2.85

4.57

.323

.440

Kevin Tapani

19.4

18.8

3.47

5.38

.364

.490

Ted Lilly

7.9

19.7

2.12

5.80

.297

.563

Greg Maddux

14.9

24.1

3.39

4.20

.396

.462

Matt Clement

15.0

30.0

2.32

4.14

.285

.396

Mark Prior

5.8

22.1

2.32

5.14

.289

.502

No one was immune—not even The Professor. The effect is quite evident for starters with flyball tendencies like Wood, Lieber, and Lilly. Ultimately, the opposing wind extremes end up balancing each other out; taking the sum of all Wrigley Field numbers, the given rates are a sliver off league averages. However, the extremes might cause Wrigley pitchers to have more variation in their starts than a non-Wrigley pitcher.

The biggest beneficiary of the wind effect this season is Travis Wood. His 2.24 ERA ranks seventh in the NL, and every one of his nine starts has been deemed “quality.” Unsurprisingly, none of his six home starts featured a game with wind blowing in from the ivy:

Date

Wind

Speed

PA

AB

IP

H

R

ER

BB

SO

TB

HR

FB

20130409

In From LF

23

29

26

6.3

7

3

2

3

6

9

0

5

20130416

In From RF

5

28

24

7.3

5

2

2

3

3

7

0

6

20130502

In From CF

19

27

26

7.7

4

3

3

1

3

4

0

6

20130507

Still

2

28

26

6.7

6

1

1

2

8

10

1

3

20130513

RF to LF

5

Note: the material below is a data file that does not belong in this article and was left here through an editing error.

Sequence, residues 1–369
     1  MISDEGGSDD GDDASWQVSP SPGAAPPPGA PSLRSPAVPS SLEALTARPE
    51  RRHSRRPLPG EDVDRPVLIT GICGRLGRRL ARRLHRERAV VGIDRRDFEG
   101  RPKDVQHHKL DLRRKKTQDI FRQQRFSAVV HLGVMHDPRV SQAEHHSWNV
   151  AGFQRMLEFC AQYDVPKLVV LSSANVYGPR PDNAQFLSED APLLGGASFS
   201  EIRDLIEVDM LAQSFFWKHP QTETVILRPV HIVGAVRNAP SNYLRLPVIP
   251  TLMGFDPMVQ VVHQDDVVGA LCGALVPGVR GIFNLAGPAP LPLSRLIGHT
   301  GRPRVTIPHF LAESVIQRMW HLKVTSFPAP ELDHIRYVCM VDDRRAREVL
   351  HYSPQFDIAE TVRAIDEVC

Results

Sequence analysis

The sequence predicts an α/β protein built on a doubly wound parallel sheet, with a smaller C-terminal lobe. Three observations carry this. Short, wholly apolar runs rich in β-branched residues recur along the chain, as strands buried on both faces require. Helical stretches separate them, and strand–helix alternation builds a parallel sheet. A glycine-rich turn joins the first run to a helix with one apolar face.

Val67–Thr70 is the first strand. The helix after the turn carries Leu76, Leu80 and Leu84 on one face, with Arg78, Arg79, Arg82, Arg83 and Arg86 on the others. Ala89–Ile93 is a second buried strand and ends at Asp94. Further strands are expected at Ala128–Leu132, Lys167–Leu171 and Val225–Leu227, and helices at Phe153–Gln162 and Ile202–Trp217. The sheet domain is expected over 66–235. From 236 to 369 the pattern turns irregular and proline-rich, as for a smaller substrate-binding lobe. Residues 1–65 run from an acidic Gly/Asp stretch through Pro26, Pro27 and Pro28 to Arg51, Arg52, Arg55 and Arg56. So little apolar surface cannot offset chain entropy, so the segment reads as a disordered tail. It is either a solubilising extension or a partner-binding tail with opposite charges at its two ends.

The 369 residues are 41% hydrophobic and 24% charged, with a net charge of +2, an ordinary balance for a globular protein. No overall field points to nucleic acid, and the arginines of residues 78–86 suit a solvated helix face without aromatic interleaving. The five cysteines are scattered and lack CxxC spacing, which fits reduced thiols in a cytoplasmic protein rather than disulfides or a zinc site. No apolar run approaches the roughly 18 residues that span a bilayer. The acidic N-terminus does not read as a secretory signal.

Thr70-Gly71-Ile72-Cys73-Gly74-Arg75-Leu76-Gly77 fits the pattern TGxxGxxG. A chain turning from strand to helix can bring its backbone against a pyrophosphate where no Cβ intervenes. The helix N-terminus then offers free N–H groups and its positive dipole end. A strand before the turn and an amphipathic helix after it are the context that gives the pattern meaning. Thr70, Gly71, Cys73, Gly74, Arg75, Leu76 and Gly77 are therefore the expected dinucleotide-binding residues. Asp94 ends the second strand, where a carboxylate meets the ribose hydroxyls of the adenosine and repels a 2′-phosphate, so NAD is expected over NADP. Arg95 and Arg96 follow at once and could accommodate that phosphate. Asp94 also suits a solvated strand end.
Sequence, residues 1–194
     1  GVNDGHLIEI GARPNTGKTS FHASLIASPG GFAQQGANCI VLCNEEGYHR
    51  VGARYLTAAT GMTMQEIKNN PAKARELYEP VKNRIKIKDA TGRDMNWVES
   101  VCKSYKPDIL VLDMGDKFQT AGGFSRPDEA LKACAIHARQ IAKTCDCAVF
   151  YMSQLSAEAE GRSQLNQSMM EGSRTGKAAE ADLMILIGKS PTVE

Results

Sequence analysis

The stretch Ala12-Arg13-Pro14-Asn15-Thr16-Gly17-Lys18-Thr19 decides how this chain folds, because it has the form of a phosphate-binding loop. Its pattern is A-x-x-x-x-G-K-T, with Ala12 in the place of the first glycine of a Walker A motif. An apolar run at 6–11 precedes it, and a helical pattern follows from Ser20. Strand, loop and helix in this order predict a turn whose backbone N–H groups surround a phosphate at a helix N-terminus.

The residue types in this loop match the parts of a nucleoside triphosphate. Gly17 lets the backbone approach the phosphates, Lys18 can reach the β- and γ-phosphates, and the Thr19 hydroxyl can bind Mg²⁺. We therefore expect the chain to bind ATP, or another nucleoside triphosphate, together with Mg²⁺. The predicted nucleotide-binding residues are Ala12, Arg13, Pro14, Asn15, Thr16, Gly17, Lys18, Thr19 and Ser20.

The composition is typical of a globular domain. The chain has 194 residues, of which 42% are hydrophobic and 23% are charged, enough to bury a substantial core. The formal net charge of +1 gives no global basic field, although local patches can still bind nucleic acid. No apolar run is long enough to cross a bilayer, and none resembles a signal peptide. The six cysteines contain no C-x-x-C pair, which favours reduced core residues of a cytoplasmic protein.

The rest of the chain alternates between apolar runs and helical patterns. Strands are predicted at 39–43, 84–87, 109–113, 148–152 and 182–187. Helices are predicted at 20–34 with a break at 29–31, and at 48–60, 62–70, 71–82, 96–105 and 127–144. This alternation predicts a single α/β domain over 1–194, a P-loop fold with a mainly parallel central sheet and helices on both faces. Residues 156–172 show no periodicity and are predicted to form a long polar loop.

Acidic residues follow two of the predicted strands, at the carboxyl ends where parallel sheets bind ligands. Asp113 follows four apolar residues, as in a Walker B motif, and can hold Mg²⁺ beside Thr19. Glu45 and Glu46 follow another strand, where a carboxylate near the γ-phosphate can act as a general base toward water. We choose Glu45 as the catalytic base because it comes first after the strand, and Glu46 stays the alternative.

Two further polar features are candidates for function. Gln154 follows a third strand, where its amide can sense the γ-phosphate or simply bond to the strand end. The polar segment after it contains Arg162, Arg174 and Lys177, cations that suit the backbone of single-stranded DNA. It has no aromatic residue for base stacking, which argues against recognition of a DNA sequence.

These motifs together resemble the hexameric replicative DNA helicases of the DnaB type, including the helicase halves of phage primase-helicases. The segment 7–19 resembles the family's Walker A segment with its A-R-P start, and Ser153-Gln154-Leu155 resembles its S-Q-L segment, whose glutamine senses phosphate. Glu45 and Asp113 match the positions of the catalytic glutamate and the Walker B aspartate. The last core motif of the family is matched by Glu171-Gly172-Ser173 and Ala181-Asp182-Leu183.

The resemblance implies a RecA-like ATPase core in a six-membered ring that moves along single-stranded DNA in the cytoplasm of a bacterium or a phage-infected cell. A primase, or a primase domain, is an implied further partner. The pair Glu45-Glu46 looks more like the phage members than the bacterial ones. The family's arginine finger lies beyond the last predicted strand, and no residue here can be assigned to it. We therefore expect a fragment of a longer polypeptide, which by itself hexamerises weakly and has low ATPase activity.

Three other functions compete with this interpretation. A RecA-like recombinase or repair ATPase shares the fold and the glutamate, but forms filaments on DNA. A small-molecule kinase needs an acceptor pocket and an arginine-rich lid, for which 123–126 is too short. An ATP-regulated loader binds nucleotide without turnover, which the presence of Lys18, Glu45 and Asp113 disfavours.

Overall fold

24

21

7

2

0

0

3

2

2

0

11

20130519

In From RF

9

27

25

7

5

3

3

2

3

9

1

6

The “wind schedule” has skewed favorably for Wood in these early months. Combined with some BABIP luck, he’s evaded the regression that is looming—so far. We know he can’t sustain a .193 BABIP forever. But if he continues to serendipitously find the wind behind him, there’s a chance that his HR/FB rate will keep floating around his current 6.5 percent mark, enabling him to outperform his peripherals. For his career pitching at Wrigley, Wood’s numbers reveal a massive dichotomy:

Direction

IP

HR

FB

ERA

SLG

In

46

1

39

2.54

.247

Other

63.7

5

64

3.67

.346

Out

16.3

10

25

9.39

.818

Travis Wood is a flyball pitcher like Kerry Wood before him, and the wind effect on his numbers is amplified. Hitters won’t continue slugging .818 against him with southwest winds, but if the trend is real, the .508 opponent slugging mark served by Wrigley pitchers under those circumstances in the past seven years can be expected.

Obviously, the Cubs can’t control Mother Nature, nor schedule its starters around her. Pitchers at Wrigley Field will always be, to a degree, at the mercy of its winds. The fiercest months—April and May—are nearly over, but the summer games will still see the occasional gusty afternoon. It’s a convincing reason to observe the weather, whether you’re debating a start/sit decision for a fantasy starter, or you’re the Cubs manager, pondering your offensive strategy. 

Andrew Koo is an author of Baseball Prospectus. 
Click here to see Andrew's other articles. You can contact Andrew by clicking here

Related Content:  Fantasy,  Park Effects,  Wrigley Field,  Wind,  Travis Wood